by BK Munn

Logger Cartoonist Created one of Canada’s First Graphic Novels

Gilbert Joseph (Bus) Griffiths, a cartoonist, logger and fisherman, died of prostate cancer in Comox, B.C., on Sept. 25, 2006. Griffiths was best known as the creator of Now You’re Logging, a 119-page graphic novel about the 1930s logging industry in BC.
Born in Moose Jaw, Saskatchewan, Griffiths was raised in British Columbia, first in Penicton and then in Burnaby. As a teenager he was interested in cartooning but was unsuccessful in finding work in the newspaper field. As a young adult he illustrated catalogues for Massey-Harris but left that job to work as a logger during the 1930s Depression. Giffiths specialized as a faller, a logger tasked with dropping trees so that they do not cause damage to or become entangled with neigbouring trees. By his own account, Griffiths was very good at his job and loved every aspect of the industry, even though it was seasonal and prone to lay-offs, especially during the 1930s. His logging career began in the Fraser Valley and the Mainland coast of BC, but he eventually migrated to Vancouver Island.
After a decade in the bush, Griffiths married his wife Maragaret in 1940. He also managed to find jobs as a cartoonist, creating work in the 1940s for Vancouver’s Maple Leaf publishing, one of the short lived Canadian comics publishers that sprang up during World War II. At the same time, he produced an 8-page children’s comic book about logging for the BC government. An editor for BC Lumberman magazine encouraged Griffiths to submit strips about logging to the magazine –a project that would eventually lead to the creation of a much longer work.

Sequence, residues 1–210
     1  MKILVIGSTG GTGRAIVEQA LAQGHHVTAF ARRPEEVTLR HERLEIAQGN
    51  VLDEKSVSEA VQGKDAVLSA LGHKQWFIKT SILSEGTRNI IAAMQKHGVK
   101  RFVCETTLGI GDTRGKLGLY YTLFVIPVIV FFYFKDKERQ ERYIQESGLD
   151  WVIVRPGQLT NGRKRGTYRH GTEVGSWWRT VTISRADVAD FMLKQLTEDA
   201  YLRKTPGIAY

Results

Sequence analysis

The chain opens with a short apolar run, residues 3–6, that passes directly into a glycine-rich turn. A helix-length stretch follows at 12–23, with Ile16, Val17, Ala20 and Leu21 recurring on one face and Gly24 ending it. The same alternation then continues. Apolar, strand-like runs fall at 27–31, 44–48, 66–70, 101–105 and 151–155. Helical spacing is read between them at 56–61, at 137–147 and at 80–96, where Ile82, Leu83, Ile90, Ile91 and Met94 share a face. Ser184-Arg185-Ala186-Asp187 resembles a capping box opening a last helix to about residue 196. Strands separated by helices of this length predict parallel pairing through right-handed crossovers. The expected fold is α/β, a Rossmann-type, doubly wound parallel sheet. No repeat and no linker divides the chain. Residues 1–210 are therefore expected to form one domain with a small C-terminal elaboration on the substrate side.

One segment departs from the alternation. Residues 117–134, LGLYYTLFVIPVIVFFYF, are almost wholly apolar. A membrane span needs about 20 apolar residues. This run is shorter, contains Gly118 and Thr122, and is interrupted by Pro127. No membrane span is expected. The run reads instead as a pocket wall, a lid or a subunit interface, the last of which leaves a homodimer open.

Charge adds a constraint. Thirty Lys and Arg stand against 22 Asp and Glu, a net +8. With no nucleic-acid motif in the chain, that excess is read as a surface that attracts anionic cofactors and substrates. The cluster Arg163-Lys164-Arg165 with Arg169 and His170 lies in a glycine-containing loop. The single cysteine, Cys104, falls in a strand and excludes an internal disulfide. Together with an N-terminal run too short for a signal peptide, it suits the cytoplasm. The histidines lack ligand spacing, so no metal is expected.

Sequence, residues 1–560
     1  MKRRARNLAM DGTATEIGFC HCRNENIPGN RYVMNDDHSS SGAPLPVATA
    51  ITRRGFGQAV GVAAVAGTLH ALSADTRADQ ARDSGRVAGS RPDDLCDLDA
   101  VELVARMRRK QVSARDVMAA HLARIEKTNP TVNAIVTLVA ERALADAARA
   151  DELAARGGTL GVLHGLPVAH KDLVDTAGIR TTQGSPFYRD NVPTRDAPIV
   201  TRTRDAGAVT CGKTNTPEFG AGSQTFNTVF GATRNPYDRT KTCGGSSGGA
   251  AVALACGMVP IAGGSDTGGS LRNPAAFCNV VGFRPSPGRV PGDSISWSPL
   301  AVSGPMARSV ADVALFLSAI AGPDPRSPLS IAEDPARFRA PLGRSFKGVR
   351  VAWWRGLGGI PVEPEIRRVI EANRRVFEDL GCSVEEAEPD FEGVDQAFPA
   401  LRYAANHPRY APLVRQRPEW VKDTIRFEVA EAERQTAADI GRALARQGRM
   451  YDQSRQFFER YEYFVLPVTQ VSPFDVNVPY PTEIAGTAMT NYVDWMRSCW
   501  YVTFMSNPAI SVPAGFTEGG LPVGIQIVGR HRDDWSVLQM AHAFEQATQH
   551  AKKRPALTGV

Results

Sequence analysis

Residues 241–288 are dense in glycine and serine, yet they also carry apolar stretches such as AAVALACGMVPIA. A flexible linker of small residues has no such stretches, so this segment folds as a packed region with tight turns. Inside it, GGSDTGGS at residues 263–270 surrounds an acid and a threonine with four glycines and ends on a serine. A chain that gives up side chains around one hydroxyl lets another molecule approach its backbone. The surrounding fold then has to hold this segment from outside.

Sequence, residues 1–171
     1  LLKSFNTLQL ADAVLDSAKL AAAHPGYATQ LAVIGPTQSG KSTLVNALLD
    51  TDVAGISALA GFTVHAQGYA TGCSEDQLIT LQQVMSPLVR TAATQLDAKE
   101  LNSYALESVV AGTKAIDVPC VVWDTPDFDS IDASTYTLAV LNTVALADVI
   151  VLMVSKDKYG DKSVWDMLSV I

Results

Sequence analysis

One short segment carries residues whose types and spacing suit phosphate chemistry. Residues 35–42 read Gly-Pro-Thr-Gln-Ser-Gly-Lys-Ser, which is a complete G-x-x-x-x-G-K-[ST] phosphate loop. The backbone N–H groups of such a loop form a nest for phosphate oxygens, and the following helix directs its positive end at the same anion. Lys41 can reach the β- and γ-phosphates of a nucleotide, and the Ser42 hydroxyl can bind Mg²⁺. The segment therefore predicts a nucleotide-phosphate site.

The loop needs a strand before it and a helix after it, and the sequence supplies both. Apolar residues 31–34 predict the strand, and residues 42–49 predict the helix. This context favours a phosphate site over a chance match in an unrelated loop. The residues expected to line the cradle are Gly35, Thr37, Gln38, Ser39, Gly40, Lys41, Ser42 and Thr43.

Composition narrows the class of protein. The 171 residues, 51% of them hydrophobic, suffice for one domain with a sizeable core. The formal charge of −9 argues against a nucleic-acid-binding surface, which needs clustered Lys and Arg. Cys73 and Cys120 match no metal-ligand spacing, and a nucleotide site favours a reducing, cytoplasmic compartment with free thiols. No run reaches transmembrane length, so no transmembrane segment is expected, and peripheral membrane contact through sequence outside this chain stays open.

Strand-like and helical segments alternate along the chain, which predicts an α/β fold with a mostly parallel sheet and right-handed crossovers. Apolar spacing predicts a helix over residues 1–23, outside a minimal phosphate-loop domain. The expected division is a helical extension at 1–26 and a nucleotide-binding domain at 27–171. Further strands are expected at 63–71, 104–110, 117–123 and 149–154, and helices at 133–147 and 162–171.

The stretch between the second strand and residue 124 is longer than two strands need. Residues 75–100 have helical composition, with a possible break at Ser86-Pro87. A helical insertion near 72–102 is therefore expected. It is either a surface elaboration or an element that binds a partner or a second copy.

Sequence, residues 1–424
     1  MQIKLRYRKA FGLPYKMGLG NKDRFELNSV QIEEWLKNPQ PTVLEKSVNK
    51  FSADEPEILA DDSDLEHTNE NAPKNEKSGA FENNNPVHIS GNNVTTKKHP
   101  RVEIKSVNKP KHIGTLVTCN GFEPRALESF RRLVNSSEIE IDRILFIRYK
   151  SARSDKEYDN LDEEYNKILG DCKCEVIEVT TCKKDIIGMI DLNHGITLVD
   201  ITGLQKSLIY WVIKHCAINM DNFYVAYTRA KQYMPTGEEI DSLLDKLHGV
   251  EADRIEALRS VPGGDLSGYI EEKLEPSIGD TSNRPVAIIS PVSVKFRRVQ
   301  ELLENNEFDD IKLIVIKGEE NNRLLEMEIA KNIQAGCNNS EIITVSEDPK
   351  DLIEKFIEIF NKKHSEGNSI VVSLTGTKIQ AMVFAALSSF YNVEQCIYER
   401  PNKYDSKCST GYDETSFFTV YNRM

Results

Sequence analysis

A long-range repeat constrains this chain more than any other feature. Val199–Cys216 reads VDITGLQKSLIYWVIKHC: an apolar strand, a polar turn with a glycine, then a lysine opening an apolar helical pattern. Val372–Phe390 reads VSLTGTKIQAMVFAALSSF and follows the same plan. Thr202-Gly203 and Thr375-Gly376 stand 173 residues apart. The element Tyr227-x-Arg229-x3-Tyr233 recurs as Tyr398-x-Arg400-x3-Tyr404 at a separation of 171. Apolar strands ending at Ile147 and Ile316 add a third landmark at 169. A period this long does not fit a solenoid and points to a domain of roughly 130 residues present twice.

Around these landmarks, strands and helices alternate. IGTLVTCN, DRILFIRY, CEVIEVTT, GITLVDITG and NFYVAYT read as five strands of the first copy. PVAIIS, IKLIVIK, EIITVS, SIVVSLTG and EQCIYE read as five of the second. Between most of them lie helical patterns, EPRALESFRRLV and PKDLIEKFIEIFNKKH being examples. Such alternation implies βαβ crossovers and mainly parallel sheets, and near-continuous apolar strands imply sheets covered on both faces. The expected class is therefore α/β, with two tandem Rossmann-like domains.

Giffiths retired from logging in 1961 and began working as a fisherman out of Fanny Bay, where he had moved in 1944. In 1972, at the urging of his wife, and using her as a model, Griffiths began working on a longer comic book about logging in his spare time. This was published in 1978 by Harbour Press as Now You’re Logging.
The book concerns the adventures of two young loggers in the 1930s who learn the ropes from an older camp-boss. Full of period detail, Now You’re Logging is almost a primer on the basics of the business from the days before the advent of the chainsaw, and contains many lengthy explanations of the techniques and tools of the trade. Graphically, the book looks something like a cross between a textbook and a love story illustrated by a heterosexual Tom of Finland. Griffiths cartooning combines muscular figures with tightly rendered machines and landscapes to charming effect. Shawn Conner, writing in the Comics Journal in 1996, characterized the book as “a true anomaly: written and drawn by a man with decades of experience in the woods, it’s a book with no clear antecedent, more intent on documenting a way of life than telling a story (though it does that, too),” noting that, “it might just change your perception of what comics are, what they can do, and why we need them.” Indeed, although published during the same period that U.S. based cartoonists were beginning to refer to their long-form comics as graphic novels, Griffith’s book seems totally divorced from the world of North American comics of the time. In this sense it has more in common with other sui generis graphic novels of the past, such as The Four Immigants Manga or Frans Masereel’s woodcut novels. Now You’re Logging went through 3 printings but is now out of print.
In later years Griffiths continued to pursue artistic endeavours: he illustrated a few other books about BC subjects and several of his oil painting hang in local museums. At the end of his life he was preparing a series of short prose stories about his logging career. According to Grant Shilling’s Globe and Mail obituary, Griffiths “was a small man with a big chest, a lovely lilt in his voice and a twinkle in his eye. He was built more like Popeye, with well-developed forearms grown strong from working a saw and an axe for a living.” Griffiths experienced a stroke in 2003 and had been living under extended care since then. He is survived by his wife Margaret, two sons, five grandchildren and three great grandchildren. A memorial service was held October 21.
Further reading:
Globe and Mail obituary (08/12/06)
Georgia Straight Profile by Grant Shilling
illustrated article by Gordon Hak
Publisher’s Website
in print:
Shawn Connor, “Beyond the Grid, Later, up in the woods…,” The Comics Journal, 187 (May 1996), 111-2. (the same issue also includes an interview with Griffiths and samples of his work)